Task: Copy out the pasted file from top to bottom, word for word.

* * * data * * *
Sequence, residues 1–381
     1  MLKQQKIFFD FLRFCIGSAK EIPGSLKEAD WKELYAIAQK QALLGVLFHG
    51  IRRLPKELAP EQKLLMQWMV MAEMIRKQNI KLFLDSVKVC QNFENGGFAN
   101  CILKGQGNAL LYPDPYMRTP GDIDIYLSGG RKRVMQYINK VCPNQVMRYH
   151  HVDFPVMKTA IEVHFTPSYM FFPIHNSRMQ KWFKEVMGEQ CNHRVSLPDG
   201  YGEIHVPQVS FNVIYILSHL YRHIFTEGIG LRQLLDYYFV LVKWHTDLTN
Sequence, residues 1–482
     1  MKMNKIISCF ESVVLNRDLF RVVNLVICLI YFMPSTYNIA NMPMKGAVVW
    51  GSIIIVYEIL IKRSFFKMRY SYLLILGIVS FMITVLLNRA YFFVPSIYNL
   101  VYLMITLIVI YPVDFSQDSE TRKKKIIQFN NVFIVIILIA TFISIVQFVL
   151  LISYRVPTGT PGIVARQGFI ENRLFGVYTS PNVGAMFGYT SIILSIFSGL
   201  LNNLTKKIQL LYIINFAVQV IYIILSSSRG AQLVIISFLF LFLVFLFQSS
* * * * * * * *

Sequence, residues 1–381
     1  MLKQQKIFFD FLRFCIGSAK EIPGSLKEAD WKELYAIAQK QALLGVLFHG
    51  IRRLPKELAP EQKLLMQWMV MAEMIRKQNI KLFLDSVKVC QNFENGGFAN
   101  CILKGQGNAL LYPDPYMRTP GDIDIYLSGG RKRVMQYINK VCPNQVMRYH
   151  HVDFPVMKTA IEVHFTPSYM FFPIHNSRMQ KWFKEVMGEQ CNHRVSLPDG
   201  YGEIHVPQVS FNVIYILSHL YRHIFTEGIG LRQLLDYYFV LVKWHTDLTN
Sequence, residues 1–482
     1  MKMNKIISCF ESVVLNRDLF RVVNLVICLI YFMPSTYNIA NMPMKGAVVW
    51  GSIIIVYEIL IKRSFFKMRY SYLLILGIVS FMITVLLNRA YFFVPSIYNL
   101  VYLMITLIVI YPVDFSQDSE TRKKKIIQFN NVFIVIILIA TFISIVQFVL
   151  LISYRVPTGT PGIVARQGFI ENRLFGVYTS PNVGAMFGYT SIILSIFSGL
   201  LNNLTKKIQL LYIINFAVQV IYIILSSSRG AQLVIISFLF LFLVFLFQSS